Mill Boy [Steamboat]
The Mill Boy was an eighty-six-ton sidewheel paddle boat constructed on the Monongahela River in 1857 at Chambersburg, Ohio, by Captain Josiah Cornwall, who equipped the vessel as a floating grist mill and general store. The Mill Boy was initially powered by horses pacing on treadmills attached to the sidewheels, but in 1860 a boiler and small engine were added. Cornwall sold the vessel to other investors at about the time the Civil War began.
On December 17, 1862, the Mill Boy, then under the command of Captain L. C. Vale, was contracted to steam from Memphis, Tennessee, to Commerce, Mississippi, to pick up a load of cotton. The vessel was told to wait after arriving there so that the cotton could be transported from inland for shipment; the captain kept the steam up while the Mill Boy waited. At around dark, a group of guerrillas identified as Blythe’s cavalry, who had been attacking shipping on the Mississippi River, opened fire, killing one man and mortally wounding another as a third leaped into the river and drowned as the steamboat backed into the main current.
The Mill Boy steamed to Helena (Phillips County) and reported the incident. The gunboat USS Juliet and the transport City Belle, with a detachment from the Eleventh and Forty-seventh Indiana Infantry Regiments, were immediately sent to Commerce, where they burned the town to the ground and put every plantation within five miles to the torch. The Mill Boy was equipped with a cannon after this incident.
The Mill Boy was chartered by the U.S. Army’s Quartermaster Corps in January 1863 for use as a troop and supply transport and then pressed into government service after that, still operating from Memphis.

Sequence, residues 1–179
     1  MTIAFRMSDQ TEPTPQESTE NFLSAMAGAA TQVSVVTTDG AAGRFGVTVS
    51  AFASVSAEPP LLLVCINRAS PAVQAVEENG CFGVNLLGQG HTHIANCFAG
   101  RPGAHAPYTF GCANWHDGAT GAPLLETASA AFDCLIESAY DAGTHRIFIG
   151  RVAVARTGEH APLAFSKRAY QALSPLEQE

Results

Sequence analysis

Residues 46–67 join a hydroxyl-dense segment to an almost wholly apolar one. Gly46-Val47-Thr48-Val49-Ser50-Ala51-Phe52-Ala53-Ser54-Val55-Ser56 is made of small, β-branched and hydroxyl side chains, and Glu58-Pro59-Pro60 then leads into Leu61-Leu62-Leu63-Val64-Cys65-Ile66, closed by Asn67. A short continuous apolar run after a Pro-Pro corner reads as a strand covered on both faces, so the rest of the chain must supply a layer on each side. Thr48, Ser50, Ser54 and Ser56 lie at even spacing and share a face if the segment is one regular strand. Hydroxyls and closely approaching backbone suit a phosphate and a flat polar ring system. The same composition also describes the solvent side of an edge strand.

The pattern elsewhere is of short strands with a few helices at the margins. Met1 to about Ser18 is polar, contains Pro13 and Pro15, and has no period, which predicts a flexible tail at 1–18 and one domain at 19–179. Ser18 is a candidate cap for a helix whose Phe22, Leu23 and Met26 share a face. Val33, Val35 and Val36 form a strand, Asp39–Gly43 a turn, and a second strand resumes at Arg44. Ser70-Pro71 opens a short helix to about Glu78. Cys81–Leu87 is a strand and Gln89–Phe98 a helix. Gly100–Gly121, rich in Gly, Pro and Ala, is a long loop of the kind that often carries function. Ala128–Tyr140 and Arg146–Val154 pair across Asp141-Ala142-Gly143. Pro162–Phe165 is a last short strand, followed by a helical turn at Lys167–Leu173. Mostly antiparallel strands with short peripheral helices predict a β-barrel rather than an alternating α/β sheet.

Captain James H. McGhee’s irregular Confederate cavalrymen were operating along the Arkansas side of the Mississippi in January and February 1863, attacking and burning several boats in Union service. On February 21, Major General Stephen Hurlbut, convinced that McGhee was sheltering in the town of Hopefield (Crittenden County), ordered the Mill Boy, escorted by the gunboat USS Cricket, to transport several companies of the Sixty-third Illinois Infantry Regiment across the river from Memphis to burn Hopefield to the ground. The Mill Boy then transported displaced civilians across the river.
By early 1864, the Mill Boy was operating on the White River in Arkansas, and on January 31 the vessel, loaded with thirty-five tons of supplies, was heading upriver to supply the Union garrison at Batesville (Independence County) when a violent storm arose. The steamboat was tied to the shore—Colonel Robert R. Livingston alleged “with a half rotten cable of hemp”—and the fire to its boilers was extinguished to avoid the danger of the vessel catching fire. During the night, the cable broke, and Mill Boy drifted down the river, where it hit a snag and sank.
Captain J. C. Potts of the First Nebraska Cavalry led a thirty-man detachment from Batesville the next day to salvage what they could from the wreck of the Mill Boy, succeeding in removing the cannon tube and getting “everything off that was possible with a small skiff.”
What remained of the Mill Boy continued to drift downstream and eventually approached the Union base at DeValls Bluff (Prairie County), where it struck the steamboat Homeyer, “then unloading, punching a hole in her mid-ships.…The wreck then floated on, and when last heard of, had floated out of the river, bottom upward.” The U.S. government paid the Mill Boy’s owners $11,604.59 for the vessel’s loss.
For additional information:
Boatright, Neva J. “A Study of the Mill Boy.” Grand Prairie Historical Society Bulletin 51 (April 2011): 2–5.
“From Cairo and Below.” Chicago Tribune, February 16, 1864, p. 1.
Gibson, Charles Dana and E. Kay Gibson, comps. Dictionary of Transports and Combatant Vessels Steam and Sail Employed by the Union Army 1861–1868. Camden, ME: Ensing Press, 1995.
“More Yankee Villainy!” Fayetteville Semi-Weekly Observer [North Carolina], March 23, 1863, p. 2.
“The Partisans at Work on the River.” Memphis Daily Appeal, December 27, 1862, p. 2.
Tipton, J. Brent. “A Study of the ‘Mill Boy.’” Independence County Chronicle 51 (July 2010): 19–24.
———. “Union Steamer Transport ‘Mill Boy.’” Stream of History 52 (November–December 2019): 17–20.
“The War in Tennessee.” Baltimore Sun, December 23, 1862, p. 1, col. 4.
Way, Frederick, Jr. Way’s Packet Directory. Athens: University of Ohio Press, 1983.
Mark K. Christ
Central Arkansas Library System
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